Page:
Written Answers. - EU Presidency.

Ivor Callely


56 Mr. Callely asked the Tánaiste and Minister for Foreign Affairs the proposed priorities and objectives of the Government during Ireland's forthcoming Presidency of the European Union; and if he will make a statement on the matter. [8672/96]

The main obligation on any Presidency is to ensure an efficient, effective and impartial approach to the discharge of the business of the European Union and this is a primary objective for our Presidency planning. Those issues which will be priorities for the European Union and for Ireland during our Presidency are set out in the White Paper on Foreign Policy. They are likely to include:

—the Intergovernmental Conference to review aspects of the EU Treaties,

—preparations for the Third Stage of European Monetary Union,
—growth, competitiveness, employment and social inclusion,
—agreement on the draft Union budget for 1997,
—Third Pillar issues such as drugs, immigration, extradition and organised crime,
—implementation of the Common Foreign and Security Policy,
—furthering developing relations between the EU and the applicant countries in preparation for future enlargement of the Union, and
—the continuing development of relations with other countries and regions outside the Union.
The Intergovernmental Conference will be a major priority for the Irish Presidency and we will seek to advance its work as expeditiously and constructively as possible.
Ensuring that preparations for the move to the Third Stage of Economic and Monetary Union proceed as efficiently as possible will be another priority for our Presidency. Attention to the technical work required for the introduction of the Euro will be necessary. The Irish Presidency will focus also on issues such as the relationship between participants and non-participants in the Third Stage.
The principal economic challenge for the Union and its member states is to address the unacceptable level of unemployment in the EU. We will work during our Presidency to ensure that employment remains high on the Union's agenda. The Dublin European Council in December 1996 will review the effectiveness of the programmes of action, co-ordinated at Union level and designed to make significant inroads into structural unemployment, as well as looking at the effectiveness of member states policies in this area. A feature of our European Council will be the presentation of the Second Annual Report on Employment. The question of competitiveness will be actively pursued in the Council with a view to the presentation of a report to the Dublin European Council.
An important feature of the work of the Irish Presidency will be the finalisation, on the basis of the Commission's draft budget and with the full collaboration of the other arm of the Budgetary authority, the European Parliament, of the Union budget for 1997.
The Union's policies must be designed to respond — and be perceived to respond — to real public concerns. Among the issues which most concern the citizens of the Union are those within the Justice and Home Affairs area, for example the prevention of terrorism, of drug smuggling and of international organised crime. Ireland looks forward during its Presidency to assisting in the development of a Union programme for action on drugs, as mandated by the Madrid European Council. We will seek to advance also the work of the Union in the areas of judicial co-operation, immigration and asylum, external borders, racism and xenophobia, and organised crime. Ireland will be looking also to streamline the decision making process in the Justice and Home Affairs area. It is hoped that the Intergovernmental Conference will assist in this process.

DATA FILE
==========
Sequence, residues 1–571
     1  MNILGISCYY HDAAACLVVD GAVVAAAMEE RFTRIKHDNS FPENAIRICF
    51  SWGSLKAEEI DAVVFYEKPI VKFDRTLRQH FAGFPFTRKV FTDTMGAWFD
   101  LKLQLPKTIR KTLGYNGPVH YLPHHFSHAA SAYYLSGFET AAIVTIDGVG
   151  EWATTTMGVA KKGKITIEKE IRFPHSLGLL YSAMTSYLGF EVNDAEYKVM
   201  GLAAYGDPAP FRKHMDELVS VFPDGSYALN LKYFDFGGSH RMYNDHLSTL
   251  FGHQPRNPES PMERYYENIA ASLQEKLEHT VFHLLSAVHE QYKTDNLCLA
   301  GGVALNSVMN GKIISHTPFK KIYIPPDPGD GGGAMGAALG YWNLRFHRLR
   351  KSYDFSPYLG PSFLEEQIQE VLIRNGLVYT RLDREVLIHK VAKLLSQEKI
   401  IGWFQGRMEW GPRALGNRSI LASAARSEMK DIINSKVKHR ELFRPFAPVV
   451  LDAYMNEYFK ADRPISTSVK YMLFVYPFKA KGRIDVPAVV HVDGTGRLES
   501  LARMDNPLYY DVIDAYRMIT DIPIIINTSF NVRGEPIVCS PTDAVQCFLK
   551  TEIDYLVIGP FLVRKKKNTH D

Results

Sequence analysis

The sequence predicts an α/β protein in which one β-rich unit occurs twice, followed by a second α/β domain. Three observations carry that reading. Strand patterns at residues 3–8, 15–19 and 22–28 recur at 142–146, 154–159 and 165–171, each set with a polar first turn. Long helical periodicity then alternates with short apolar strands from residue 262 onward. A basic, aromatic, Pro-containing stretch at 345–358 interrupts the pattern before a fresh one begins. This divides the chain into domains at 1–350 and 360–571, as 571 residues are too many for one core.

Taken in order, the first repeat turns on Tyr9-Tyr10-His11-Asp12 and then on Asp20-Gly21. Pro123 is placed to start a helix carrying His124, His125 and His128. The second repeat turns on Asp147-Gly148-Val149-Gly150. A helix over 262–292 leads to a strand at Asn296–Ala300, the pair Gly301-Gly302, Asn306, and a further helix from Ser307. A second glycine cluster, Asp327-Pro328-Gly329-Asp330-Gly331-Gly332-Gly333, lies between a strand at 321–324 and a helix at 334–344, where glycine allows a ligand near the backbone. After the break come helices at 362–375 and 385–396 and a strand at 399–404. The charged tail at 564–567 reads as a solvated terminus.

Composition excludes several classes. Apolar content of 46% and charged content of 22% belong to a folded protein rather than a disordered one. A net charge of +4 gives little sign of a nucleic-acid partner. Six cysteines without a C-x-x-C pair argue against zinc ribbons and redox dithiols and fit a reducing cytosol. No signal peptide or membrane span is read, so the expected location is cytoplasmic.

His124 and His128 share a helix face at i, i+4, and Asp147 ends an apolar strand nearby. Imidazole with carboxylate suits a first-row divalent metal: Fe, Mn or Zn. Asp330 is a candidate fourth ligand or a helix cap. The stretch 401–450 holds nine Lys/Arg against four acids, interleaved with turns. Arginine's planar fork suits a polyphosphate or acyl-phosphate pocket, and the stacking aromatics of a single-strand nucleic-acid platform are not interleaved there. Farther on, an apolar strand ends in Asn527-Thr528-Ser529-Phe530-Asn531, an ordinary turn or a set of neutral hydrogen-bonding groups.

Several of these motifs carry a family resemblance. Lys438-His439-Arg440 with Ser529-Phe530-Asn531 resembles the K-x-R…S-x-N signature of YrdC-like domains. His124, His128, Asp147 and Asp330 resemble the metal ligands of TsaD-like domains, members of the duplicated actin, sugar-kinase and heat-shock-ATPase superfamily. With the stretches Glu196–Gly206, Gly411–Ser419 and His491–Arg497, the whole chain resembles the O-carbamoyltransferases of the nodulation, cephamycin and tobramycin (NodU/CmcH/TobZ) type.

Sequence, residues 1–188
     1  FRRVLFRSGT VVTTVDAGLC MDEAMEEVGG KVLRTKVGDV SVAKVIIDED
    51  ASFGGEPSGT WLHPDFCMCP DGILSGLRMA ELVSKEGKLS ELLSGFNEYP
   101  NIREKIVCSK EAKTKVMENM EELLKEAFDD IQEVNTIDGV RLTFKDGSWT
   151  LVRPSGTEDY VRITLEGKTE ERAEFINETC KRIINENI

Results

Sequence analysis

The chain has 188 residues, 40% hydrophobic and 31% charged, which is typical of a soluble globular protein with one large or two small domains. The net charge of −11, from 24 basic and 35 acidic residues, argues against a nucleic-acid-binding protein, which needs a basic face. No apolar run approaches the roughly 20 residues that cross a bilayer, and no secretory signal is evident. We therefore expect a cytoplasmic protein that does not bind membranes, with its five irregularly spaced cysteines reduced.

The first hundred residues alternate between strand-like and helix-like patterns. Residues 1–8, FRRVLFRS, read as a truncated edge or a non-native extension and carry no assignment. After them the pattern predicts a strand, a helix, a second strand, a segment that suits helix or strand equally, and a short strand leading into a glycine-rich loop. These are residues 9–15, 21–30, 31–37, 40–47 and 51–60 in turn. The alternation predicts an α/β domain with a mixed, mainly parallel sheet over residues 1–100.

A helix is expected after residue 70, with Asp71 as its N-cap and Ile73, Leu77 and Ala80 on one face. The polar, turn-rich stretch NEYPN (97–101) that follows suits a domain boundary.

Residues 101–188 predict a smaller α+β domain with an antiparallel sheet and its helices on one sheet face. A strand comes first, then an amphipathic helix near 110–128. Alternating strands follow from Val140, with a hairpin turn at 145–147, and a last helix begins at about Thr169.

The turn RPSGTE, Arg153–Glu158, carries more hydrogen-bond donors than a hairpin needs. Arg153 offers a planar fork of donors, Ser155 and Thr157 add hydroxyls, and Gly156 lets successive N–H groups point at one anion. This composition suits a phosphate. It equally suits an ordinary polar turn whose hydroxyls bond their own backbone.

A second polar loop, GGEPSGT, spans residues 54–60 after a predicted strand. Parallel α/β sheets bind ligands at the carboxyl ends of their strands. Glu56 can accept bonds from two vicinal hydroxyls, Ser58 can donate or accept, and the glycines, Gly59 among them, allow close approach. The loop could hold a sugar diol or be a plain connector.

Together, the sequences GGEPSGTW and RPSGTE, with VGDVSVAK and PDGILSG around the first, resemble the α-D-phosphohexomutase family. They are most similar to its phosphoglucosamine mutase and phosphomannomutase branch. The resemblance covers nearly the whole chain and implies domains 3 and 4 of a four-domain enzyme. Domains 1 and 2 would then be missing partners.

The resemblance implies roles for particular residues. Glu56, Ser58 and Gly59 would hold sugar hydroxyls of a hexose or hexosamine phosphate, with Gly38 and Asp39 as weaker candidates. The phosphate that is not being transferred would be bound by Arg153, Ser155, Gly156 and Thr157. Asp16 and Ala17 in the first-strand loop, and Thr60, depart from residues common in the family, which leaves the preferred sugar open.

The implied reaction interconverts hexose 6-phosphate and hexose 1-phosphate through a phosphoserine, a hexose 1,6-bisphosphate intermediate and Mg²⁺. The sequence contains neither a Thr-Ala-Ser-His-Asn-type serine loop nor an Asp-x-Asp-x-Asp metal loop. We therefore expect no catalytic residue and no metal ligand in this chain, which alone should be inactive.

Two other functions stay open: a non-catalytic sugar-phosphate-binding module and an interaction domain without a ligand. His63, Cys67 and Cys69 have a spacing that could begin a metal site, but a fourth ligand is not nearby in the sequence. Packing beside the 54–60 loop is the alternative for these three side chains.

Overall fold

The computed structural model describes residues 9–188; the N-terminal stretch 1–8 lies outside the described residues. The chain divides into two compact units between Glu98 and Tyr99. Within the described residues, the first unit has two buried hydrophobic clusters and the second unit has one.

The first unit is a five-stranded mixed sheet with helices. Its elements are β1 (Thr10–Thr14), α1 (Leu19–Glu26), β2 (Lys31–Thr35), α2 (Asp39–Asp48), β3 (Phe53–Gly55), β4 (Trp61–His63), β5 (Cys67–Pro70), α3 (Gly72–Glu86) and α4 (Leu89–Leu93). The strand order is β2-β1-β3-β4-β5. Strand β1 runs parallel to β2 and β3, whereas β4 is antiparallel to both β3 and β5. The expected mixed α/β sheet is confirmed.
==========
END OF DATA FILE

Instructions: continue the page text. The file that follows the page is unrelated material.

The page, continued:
The Irish Presidency, in common with every other Presidency, will seek to manage the Union's extensive external relations agenda efficiently and effectively.
Issues arising from developments in former Yugoslavia and in the Middle East are likely to remain priorities during our Presidency.
The Union's relations with its eastern neighbours will continue to influence the development of the Union over the next few years. The enlargement of the Union to include Cyprus, Malta and the countries of Central and Eastern Europe will bring new challenges to bear on the Union, its member states and the applicant countries. Ireland's Presidency will seek to advance preparations for the enlargement of the Union.
Other matters which will be important items on Ireland's Presidency agenda include continuing the implementation of the EU-US Action Plan, developing the Union's relations with Canada, strengthening its relations with Russia and with the independent states of the former Soviet Union and followup to the Barcelona Conference on enhanced EU-Mediterranean relations.
The production of a programme for the Presidency is well in hand and will be finalised in the light of the work done under the current Italian Presidency. This programme will include a detailed itemisation of the work which Ireland will seek to advance during its Presidency term involving the full range of Council formations. The Presidency is obliged to place its Programme before the institutions of the Union early in July and it will be circulated to Deputies at that time. In addition, and in advance of the finalisation of the Presidency Programme, the Taoiseach has indicated that the Dáil will have the opportunity to debate the Presidency in June.